Jewelry is messy. And it tends to get exponentially messier with increasing the amount in question and some women have vast amounts of it. A woman needs a way to organize it and keep it out of sight and out of touch, so it stays organized for longer. So, here we’re going to show you how to make a jewelry box.
Materials You Need:
You can get our exact dimensions, or just follow the relative calculations bellow to scale your project to the size you want.
- An artwork cover to display. A painting on a canvas is the best, but anything can be used, so long it rests on a hardback or a wooden frame, such as personalised star maps. The size of your artwork is the size of your box, so acknowledge that before you buy or make.
- A hardboard panel the same size of your artwork. This goes in the very back of your project. It needs to be at least a few centimetres thick to hold the nails/screws.
- Drawing materials: pencil, ruler, T-square, if you have one), a hammer and a screw-driver. Also, decorative materials, you’d want to use.
- 2 x 287:100:50mm Wooden Boards;
- 2 x 420:100:50mm Wooden Boards;
- A double magnet catch;
- Short and medium nails;
- Threaded screws;
- 3 standard hinges;
- Cabinet mounts;
- 4 x Inside corner braces;
- Carpenter glue;
- 12 Hook screws;
- 1 Mirror.
How to Make a Jewelry Box For Wall
- Assemble the boards. Get the four boards – 2x long, 2x short; the back hardwood piece and your artwork. Put the back piece down and the two longer boards on the top and bottom side. Put the shorter ones on the sides and in between the longer ones.
- Glue the boards together. We do this, so it’s easier to nail/screw them afterwards, without breaking the alignment.
- Finish the frame. If you’ve chosen to use the inner braces, take one and put it on one corner. Get some wood screws and screw the brace in. Repeat three times. If you’ve chosen nails instead, take a few, space out and mark their positions with a pencil then nail each of them. Repeat three times.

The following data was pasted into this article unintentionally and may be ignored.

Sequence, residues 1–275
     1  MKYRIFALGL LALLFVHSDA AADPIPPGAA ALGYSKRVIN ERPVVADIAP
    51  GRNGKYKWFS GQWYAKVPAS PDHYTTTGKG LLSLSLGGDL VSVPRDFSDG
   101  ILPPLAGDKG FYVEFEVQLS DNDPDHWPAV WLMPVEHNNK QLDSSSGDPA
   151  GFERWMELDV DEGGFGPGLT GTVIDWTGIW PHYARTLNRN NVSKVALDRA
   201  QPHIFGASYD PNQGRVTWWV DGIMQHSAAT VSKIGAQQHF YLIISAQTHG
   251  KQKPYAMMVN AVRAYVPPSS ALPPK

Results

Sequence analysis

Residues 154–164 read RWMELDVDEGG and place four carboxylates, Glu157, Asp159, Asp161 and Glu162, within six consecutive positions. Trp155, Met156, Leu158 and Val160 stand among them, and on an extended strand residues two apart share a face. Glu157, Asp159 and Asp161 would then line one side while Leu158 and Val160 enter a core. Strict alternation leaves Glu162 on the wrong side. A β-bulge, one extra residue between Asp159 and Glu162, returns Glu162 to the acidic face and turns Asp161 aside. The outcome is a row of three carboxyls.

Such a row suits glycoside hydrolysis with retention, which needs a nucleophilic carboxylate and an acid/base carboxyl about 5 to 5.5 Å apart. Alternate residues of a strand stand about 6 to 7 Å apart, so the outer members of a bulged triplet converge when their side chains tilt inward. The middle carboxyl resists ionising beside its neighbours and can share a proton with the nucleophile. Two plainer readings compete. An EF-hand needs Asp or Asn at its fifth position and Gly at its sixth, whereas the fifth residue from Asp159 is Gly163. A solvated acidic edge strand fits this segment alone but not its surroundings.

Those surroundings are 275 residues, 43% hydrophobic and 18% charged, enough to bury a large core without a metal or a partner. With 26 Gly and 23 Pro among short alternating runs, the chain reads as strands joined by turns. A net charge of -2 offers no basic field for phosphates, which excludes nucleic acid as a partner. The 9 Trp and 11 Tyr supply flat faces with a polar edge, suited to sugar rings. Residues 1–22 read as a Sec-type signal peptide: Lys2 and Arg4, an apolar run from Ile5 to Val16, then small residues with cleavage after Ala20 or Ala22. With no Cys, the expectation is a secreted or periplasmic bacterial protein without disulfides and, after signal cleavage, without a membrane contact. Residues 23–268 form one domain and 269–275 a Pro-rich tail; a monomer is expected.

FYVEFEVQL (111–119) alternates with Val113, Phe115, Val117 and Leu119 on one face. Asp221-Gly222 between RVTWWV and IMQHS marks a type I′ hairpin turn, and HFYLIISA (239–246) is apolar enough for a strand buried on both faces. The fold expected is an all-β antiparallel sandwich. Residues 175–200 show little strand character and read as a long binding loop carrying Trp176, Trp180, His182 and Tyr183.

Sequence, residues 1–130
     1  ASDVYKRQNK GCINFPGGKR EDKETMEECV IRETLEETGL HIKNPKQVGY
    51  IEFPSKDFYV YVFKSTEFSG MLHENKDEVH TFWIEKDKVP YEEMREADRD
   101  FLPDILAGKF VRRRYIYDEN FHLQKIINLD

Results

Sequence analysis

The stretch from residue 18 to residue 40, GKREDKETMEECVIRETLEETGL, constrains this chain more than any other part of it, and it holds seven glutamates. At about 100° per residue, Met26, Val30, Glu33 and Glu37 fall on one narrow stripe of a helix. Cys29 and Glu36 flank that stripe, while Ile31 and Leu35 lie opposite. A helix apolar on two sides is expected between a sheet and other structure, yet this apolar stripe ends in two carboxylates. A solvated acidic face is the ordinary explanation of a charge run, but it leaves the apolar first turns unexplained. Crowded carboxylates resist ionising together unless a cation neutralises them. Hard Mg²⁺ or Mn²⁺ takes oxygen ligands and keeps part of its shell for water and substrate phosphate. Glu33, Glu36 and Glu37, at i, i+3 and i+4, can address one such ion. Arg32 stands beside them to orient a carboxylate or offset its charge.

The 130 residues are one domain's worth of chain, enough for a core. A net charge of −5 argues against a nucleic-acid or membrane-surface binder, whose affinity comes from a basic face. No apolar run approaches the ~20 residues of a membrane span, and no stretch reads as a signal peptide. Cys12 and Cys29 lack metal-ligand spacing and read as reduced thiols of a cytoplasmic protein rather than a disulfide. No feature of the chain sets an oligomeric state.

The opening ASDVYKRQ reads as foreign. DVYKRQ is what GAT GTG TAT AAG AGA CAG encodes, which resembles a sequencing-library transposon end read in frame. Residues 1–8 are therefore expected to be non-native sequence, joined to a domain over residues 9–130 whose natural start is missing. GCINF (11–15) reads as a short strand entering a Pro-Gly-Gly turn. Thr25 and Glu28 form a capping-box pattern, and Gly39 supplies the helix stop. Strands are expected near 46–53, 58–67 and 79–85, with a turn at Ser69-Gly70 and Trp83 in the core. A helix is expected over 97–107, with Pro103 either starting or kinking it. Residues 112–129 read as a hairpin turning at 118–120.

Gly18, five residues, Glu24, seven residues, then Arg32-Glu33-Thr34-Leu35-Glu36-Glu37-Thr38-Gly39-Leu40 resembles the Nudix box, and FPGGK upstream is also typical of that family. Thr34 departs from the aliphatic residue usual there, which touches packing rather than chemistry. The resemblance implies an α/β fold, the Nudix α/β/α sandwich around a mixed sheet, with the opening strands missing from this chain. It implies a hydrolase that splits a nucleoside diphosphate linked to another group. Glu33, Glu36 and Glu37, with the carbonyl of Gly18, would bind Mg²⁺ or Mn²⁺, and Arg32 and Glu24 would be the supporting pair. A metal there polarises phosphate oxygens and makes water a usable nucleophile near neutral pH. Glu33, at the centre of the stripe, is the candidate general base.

- Attach the headboard. First, glue the headboard the same way you did with the frame. If you’re using braces, nail the four corners in with medium nails. One nail each five centimetres is more than enough. If you nailed the frame, skip the corners and enough space on the shorter side, to accommodate for the nails you used. Nail everything in the same way.
- Install the wall mounts on the back. Space them out further to the sides for maximum stability. Try to put them in such a way, that you can use the frame, as well as the back board, and stronger screws. Be careful of not going through the back board.
- Attach the cover with bottom hinges. A few shorter hinges are better than just one big one. Mark their positions evenly on the frame and screw them in. Use even and accurate measurements for each screw point, so you can transfer them on the cover with accuracy and align them better. Screw the cover on as well.
- Screw the hooks. First, draw out your layout for the jewellery. We chose a simple two-row layout with six hooks on each row. That would have enough slots to accommodate a basic set of jewellery and enough space in between to keep them organized.
- Install the locking mechanism. If you chose a double magnet catch, centre each piece on the cover and inside top of the frame (or side, if your hinges are on the left or right) and test if they align. Screw them in. Test if the catch holds.
And, this is how to make a jewelry box!
Figure out the logistics of your jewellery and mark positions of the hooks that will hold them. Install the hooks, but be careful of puncturing the back board. It’s a good idea to also draw rectangles to encompass the space for each type of accessory as well as label it, just as an organizational finish.
Order your accessories and enjoy the merits of your hard work. Credits go to Le Studio Rad. We got the idea for this project from their blog post, so thanks and keep up the good work !
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